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Using Supersize Me as a basis, identify the ways in which American Society is represented, both positively and negatively.

In doing so, analyse the ways in which Morgan Spurlock utilises stylistic devices in order to create meaning for the audience

Supersize Me is an American documentary that informs and educates viewers on the fast food industry and the consequences of eating a high fat diet. Producer Spurlock takes part in an experiment to see if fast food really does have such an impact on obesity and health problems by eating solely McDonalds for a whole month. The documentary demonstrates how fast food has such a drastic effect on peoples lifestyles, but also includes how McDonalds are aware that the company itself encourages poor nutrition in order to make a profit.

Spurlock eats or drives-thru McDonalds for breakfast, lunch and dinner calling it his Mcdiet. Supersize Me opens with overweight children singing along to A Pizza Hut! A Pizza Hut! Kentucky Fried Chicken and a Pizza Hut! this exposition portrays that from an early age American children are brought up to thinking fast food restaurants are daily places to eat. Spurlock also sits down with a group of children and shows them photographs of George Bush and George Washington, but the children only recognise Ronald McDonald, as entertaining as this moment is, its also disturbing. These children grow up in a society where they know an animated clown but not their president, this represents how these fast food companies brainwash children by the use of Happy Meals, a toy in the box and a memorable character. Throughout the documentary, Spurlock utilises entertaining and sometimes worrying narratives inform the viewers on how U.S. Society seems to trend obesity. Supersize Me uses these narrative tools very effectively. The general theme of the documentary is to investigate the damage to peoples health if they are eating fast food which is negative. Statistics and facts are shown as evidence of this. We see close ups on paperwork highlighting that McDonalds know about the health related risks their company advertise.

Supersize me ends with a rhetorical question, "Who do you want to see go first, you or them?" This is accompanied by a cartoon tombstone, which reads "Ronald McDonald (19542012)", this immediately makes viewers think. The use of a graphical device edited alongside a voiceover shows that the risks of obesity and health problems can be stopped by people doing something about it. This effect of making people feel guilty for overindulging is a technical convention that encourages viewers to agree with the moral of the documentary.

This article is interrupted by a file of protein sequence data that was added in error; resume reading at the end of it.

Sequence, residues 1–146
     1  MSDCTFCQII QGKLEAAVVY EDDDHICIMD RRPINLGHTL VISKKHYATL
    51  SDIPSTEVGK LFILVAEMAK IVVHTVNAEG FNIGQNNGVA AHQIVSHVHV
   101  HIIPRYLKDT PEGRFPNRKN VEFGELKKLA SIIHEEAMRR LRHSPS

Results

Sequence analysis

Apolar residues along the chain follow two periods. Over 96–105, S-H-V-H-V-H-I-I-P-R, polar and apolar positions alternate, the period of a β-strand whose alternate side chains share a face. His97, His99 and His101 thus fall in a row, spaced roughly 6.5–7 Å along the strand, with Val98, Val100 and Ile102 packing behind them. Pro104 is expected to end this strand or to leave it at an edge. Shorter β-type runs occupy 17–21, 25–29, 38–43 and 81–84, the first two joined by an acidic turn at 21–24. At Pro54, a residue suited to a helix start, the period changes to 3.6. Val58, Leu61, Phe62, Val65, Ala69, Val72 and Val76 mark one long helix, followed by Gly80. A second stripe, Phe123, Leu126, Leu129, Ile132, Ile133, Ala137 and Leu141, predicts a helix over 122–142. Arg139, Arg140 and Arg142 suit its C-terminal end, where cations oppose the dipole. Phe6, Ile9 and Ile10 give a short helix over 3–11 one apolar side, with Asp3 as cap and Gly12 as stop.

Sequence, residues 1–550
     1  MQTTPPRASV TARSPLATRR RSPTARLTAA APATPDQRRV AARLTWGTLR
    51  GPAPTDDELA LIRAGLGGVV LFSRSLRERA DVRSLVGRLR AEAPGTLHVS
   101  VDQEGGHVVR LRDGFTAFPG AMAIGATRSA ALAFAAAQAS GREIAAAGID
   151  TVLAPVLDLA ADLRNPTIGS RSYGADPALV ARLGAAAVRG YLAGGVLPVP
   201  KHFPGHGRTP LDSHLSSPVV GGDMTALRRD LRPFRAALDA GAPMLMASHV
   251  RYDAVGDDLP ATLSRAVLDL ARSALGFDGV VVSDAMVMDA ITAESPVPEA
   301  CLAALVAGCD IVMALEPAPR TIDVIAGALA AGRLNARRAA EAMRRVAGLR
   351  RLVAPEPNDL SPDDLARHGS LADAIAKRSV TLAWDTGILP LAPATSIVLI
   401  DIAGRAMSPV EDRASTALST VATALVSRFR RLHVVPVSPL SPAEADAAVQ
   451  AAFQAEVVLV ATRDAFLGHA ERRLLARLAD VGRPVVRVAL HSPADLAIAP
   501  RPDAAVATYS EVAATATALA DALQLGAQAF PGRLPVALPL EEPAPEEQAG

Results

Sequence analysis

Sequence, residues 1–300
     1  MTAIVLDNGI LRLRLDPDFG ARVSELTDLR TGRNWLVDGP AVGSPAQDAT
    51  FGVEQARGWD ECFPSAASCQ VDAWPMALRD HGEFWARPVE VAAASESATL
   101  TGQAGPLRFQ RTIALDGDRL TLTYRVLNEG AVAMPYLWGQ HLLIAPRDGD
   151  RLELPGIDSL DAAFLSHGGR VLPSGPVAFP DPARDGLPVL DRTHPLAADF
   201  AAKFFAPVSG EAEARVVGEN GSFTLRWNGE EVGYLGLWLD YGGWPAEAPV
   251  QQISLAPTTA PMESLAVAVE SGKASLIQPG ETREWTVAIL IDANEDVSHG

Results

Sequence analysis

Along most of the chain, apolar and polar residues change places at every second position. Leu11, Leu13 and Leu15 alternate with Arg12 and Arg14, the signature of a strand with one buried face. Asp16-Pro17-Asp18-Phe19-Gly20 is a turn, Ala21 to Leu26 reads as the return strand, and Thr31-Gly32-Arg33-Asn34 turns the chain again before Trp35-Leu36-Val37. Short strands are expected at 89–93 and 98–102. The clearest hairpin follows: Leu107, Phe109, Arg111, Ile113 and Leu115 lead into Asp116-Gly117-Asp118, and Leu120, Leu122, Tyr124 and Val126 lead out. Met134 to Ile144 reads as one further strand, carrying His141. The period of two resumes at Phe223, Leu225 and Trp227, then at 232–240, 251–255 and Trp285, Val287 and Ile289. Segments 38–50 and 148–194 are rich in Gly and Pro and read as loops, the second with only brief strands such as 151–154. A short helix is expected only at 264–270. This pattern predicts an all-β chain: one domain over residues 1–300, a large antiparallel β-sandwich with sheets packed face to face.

Throughout, we see several interviews with professionals who are monitoring Spurlocks health and vox pops with members of the public. The interviews with the health promoters are opposing to some of the issues the public have; they show a general concern towards the direction in which Spurlock is heading. Showing doctors, nutritions and personal trainers lets the viewers know that not everyone has problems with their diets or weight, some Americans do abide to healthy living. Each interviewee is sat in an appropriate mise-en-scene, whilst dialogue is edited in, captions of their names and professions are presented as they speak, for example Dr. Daryl Isaacs is leant upon a work side in a doctors room wearing a stethoscope around his neck holding a clipboard explaining.

However it also draws upon positive elements due to the message Spurlock is introducing. In this the producers hoped to increase public awareness of the issue and persuade them from buying from fast food companies. The ending scene uses photography of Americans who are trying the help the society with captions that inform the viewers of their plans in order to stop obesity and encourage healthy lifestyles.